Alexei D. Voskressenski, ed., Is Non-Western Democracy Possible

DOI10.1177/0973598420905822
AuthorAnirban Chatterjee
Date01 June 2020
Publication Date01 June 2020
SubjectBook Review
Book Review
Book Review
Alexei D. Voskressenski, ed., Is Non-Western Democracy
Possible: A Russian Perspective. Singapore: World Scientific
Publishing Company, 2017, 768 pp., US$120.00 (Hardcover).
ISBN: 978-981-3147-37-9.
We live in an ‘age of democracy’, it is claimed, but recent events in
many developing countries raise some fundamental questions. Erdogan’s
victory in Turkish presidential election held in June 2018 tightening his
grip over legislature and judiciary, Putin’s victory in the Russian
presidential election in May 2018 strengthening the presidency, the
victory of far right Jair Bolsonaro as President in Brazil, the consolidation
of dictatorship in North Korea, the banning of Muslim Brotherhood in
Egypt, the electoral victory of a Hindu Nationalist party in India have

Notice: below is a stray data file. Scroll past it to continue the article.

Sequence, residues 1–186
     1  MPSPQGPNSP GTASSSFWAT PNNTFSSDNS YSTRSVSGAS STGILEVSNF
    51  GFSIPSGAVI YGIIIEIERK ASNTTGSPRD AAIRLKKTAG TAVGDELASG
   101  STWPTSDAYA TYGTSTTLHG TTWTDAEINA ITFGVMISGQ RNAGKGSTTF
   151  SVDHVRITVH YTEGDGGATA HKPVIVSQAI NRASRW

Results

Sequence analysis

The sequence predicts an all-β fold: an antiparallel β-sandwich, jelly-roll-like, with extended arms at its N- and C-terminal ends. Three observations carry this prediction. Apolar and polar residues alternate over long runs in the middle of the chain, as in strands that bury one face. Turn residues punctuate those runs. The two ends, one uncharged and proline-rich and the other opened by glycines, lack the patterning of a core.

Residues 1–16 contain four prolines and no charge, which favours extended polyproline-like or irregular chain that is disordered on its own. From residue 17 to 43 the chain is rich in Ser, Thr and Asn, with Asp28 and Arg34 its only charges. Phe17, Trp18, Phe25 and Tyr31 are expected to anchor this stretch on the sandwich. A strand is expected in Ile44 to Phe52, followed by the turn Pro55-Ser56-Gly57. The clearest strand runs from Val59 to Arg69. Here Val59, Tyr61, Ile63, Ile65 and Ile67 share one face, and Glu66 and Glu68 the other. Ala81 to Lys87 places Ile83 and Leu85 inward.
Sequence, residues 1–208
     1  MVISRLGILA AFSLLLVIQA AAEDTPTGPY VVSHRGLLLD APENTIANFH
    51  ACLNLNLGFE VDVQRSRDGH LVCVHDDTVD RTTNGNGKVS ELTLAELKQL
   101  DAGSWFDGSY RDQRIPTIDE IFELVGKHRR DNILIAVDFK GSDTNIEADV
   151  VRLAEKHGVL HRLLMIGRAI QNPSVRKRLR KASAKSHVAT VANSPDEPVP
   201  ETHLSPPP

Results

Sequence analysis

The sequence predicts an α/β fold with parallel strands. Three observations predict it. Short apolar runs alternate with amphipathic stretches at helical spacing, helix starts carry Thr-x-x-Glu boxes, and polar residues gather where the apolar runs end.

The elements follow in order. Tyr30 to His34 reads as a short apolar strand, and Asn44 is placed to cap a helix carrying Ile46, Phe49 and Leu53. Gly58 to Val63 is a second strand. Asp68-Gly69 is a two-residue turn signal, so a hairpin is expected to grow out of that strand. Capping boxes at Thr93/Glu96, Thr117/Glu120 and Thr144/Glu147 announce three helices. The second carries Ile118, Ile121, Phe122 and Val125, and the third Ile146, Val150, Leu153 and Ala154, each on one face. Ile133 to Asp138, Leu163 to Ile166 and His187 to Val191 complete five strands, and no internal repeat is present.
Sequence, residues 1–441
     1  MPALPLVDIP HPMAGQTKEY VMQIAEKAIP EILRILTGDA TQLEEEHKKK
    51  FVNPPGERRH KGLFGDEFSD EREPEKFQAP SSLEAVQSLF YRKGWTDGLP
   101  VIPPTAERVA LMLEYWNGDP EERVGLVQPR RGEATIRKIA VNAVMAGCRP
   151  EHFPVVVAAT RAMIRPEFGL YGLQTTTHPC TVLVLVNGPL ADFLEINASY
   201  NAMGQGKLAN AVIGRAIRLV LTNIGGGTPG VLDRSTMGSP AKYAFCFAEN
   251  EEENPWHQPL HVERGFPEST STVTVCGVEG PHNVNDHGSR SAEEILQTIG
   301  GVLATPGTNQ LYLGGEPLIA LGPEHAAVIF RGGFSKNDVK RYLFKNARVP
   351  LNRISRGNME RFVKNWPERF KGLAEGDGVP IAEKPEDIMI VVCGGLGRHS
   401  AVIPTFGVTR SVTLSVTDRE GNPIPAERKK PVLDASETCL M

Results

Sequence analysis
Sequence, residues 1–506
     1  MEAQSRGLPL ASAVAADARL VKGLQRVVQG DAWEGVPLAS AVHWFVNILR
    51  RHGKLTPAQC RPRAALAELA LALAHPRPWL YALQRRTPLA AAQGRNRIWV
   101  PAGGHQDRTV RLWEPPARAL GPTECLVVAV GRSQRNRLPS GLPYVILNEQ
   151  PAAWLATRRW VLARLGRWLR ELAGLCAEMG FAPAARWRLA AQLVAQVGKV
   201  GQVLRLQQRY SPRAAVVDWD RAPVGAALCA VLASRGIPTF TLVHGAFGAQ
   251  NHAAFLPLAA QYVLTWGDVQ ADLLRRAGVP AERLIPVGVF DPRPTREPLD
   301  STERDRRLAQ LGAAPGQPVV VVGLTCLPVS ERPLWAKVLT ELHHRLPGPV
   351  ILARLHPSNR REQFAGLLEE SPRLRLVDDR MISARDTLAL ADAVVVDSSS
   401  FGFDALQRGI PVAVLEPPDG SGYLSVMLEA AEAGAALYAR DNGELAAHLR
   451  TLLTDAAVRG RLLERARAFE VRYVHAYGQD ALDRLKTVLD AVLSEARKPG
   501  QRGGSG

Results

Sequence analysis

raised two sets of questions: (a) whether such phenomena require
non-Western perspectives to understand the political developments in
these countries beyond the normative theories of democracy? (b)
Whether liberal democracy is retreating in many of the non-Western
societies? This edited volume undertakes an exhaustive research
consisting of sixteen chapters to understand the complexities associated
with democracy.
The book attempts to understand evolution of political cultures across
Africa and Asia. It undertakes a comparative analysis of political systems
of the Eastern countries. The volume seeks to answer the intriguing
question: is non-Western democracy possible?
The first chapter lays down the theoretical groundwork to analyze the
inherent discrepancies between Eastern and Western democracies. The
book in fact locates the largest democracy in the world, India, to the East
and not the Western hemisphere. In its attempt to understand diverse
forms of government, the book classifies them into limited and open
access depending on their different social orders. It also argues that some
countries belong to the limited status, while others to the open access
status due to the ‘problems of primarily internal character’. The factors
Jadavpur Journal of
International Relations
24(1) 121–125, 2020
2020 Jadavpur University
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DOI: 10.1177/0973598420905822
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